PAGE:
Massachusetts Institute of Technology
The Massachusetts Institute of Technology (MIT) is a private research institute located in Cambridge, Massachusetts. MIT has five schools and one college, containing a total of 32 academic departments, with a strong emphasis on scientific and technological research.
Founded in 1861 in response to the increasing industrialization of the United States, the institute adopted the European polytechnic university model and emphasized laboratory instruction from an early date. MIT’s early emphasis on applied technology at the undergraduate and graduate levels lead to close cooperation with industry but curricular reforms under Karl Compton and Vannevar Bush in the 1930s re-emphasized basic scientific research. MIT was elected to the Association of American Universities in 1934 and researchers were involved in efforts to develop computers, radar, and inertial guidance in connection with defense research during World War II and the Cold War. Post-war defense research contributed to the rapid expansion of the faculty and campus under James Killian.
The current 168-acre (68.0 ha) campus opened in 1916 and extends over 1 mile (1.6 km) along the northern bank of the Charles River basin. In the past 60 years, MIT’s educational disciplines have expanded beyond the physical sciences and engineering into fields like biology, economics, linguistics, political science, and management.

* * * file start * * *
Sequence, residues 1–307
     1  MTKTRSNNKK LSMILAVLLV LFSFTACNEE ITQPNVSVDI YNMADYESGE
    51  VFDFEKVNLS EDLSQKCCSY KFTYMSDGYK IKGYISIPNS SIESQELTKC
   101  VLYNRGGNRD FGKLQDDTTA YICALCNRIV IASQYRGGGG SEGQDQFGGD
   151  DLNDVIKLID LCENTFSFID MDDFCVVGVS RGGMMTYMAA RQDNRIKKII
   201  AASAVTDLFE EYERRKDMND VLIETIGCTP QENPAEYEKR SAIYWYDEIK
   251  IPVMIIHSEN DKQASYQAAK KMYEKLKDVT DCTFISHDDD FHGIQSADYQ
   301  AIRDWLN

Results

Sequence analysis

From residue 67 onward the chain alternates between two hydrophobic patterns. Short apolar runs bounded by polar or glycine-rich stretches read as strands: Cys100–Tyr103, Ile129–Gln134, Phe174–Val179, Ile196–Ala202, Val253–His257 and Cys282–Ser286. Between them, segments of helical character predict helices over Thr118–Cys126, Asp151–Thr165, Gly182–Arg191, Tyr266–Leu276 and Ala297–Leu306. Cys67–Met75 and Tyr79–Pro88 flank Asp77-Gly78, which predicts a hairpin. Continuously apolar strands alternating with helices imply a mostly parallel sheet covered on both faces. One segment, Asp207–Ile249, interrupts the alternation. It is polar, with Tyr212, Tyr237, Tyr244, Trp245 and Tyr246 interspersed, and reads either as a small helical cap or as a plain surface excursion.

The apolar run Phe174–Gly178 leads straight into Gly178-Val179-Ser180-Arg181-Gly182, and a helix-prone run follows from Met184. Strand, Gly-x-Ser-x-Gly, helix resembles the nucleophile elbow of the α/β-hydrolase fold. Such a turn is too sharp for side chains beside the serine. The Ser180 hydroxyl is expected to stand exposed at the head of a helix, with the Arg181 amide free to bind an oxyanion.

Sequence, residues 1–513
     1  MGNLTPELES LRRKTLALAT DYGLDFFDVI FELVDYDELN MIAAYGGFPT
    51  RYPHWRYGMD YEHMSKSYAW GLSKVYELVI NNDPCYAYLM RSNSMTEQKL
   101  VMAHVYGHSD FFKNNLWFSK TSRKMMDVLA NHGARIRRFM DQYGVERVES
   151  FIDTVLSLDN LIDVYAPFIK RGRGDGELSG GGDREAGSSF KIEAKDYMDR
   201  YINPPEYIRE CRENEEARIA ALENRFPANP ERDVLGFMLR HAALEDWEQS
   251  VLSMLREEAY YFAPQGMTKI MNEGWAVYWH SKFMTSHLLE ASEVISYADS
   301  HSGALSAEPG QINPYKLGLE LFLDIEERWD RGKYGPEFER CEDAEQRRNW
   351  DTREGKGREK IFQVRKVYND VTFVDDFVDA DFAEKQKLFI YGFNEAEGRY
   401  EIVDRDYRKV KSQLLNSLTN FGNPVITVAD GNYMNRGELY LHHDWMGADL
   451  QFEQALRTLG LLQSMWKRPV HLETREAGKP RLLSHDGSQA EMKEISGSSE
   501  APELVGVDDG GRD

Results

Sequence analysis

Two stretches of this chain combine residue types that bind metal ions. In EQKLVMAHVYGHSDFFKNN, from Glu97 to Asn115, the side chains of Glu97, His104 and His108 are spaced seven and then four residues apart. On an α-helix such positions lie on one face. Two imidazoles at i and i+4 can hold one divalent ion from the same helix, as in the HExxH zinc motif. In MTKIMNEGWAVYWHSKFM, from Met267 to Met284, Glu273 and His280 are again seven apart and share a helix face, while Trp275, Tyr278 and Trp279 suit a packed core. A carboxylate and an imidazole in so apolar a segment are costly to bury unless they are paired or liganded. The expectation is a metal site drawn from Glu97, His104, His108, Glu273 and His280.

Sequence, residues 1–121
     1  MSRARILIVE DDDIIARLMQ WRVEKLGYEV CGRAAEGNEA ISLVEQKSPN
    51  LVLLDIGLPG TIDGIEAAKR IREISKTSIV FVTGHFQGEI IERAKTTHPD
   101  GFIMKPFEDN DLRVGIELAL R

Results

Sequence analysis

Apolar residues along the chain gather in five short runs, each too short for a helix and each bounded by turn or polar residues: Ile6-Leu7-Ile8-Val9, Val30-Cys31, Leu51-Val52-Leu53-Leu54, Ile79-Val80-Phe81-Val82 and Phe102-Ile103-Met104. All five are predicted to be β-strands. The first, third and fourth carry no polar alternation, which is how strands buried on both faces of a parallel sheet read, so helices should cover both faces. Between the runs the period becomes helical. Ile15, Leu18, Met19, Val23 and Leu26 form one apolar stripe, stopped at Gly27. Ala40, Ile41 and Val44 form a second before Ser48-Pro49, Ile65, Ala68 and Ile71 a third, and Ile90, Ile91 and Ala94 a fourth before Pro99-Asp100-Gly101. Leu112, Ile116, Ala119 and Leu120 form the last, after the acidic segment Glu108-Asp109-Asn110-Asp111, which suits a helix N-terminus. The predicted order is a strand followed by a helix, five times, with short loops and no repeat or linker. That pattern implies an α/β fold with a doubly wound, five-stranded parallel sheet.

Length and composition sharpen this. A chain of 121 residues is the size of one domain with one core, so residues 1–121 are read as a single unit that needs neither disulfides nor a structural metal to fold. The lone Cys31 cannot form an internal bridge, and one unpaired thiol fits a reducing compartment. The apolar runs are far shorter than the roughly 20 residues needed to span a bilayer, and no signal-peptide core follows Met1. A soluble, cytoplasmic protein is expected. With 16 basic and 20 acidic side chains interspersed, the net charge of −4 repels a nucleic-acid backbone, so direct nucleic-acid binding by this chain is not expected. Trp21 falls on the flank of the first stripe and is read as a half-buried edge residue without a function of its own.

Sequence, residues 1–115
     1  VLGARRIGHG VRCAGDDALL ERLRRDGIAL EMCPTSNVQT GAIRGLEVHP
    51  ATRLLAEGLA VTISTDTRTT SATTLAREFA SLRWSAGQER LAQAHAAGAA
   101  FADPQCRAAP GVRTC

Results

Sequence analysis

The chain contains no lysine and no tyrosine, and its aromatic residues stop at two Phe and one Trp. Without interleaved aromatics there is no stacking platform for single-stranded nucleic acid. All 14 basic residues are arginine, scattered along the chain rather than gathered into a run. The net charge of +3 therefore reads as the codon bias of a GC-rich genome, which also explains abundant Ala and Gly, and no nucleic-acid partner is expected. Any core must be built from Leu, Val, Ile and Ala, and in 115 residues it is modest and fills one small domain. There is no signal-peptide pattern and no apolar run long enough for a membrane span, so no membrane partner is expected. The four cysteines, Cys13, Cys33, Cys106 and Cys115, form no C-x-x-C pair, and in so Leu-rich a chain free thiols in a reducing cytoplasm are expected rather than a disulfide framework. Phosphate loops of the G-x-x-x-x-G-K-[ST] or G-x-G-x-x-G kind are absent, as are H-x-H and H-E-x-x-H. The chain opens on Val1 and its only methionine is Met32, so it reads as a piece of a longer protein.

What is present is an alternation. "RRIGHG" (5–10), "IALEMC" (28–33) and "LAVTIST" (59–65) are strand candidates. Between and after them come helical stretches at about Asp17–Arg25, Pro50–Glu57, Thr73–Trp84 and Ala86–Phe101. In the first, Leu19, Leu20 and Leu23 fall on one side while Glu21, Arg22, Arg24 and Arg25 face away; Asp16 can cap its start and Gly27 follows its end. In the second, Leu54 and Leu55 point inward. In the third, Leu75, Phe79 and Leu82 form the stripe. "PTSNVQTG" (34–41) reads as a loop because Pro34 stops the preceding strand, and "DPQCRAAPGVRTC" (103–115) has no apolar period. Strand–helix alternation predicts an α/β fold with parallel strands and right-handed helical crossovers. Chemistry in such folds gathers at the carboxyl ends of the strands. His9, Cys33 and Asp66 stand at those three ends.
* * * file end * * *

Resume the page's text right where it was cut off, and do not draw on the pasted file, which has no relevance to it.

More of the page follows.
MIT is “a university polarized around science, engineering, and the arts.” It has five schools (Science, Engineering, Architecture and Planning, Management, and Humanities, Arts, and Social Sciences) and one college (Whitaker College of Health Sciences and Technology), but no schools of law or medicine. The chair of each of MIT’s 32 academic departments reports to the dean of that department’s school, who in turn reports to the Provost under the President. However, faculty committees assert substantial control over many areas of MIT’s curriculum, research, student life, and administrative affairs.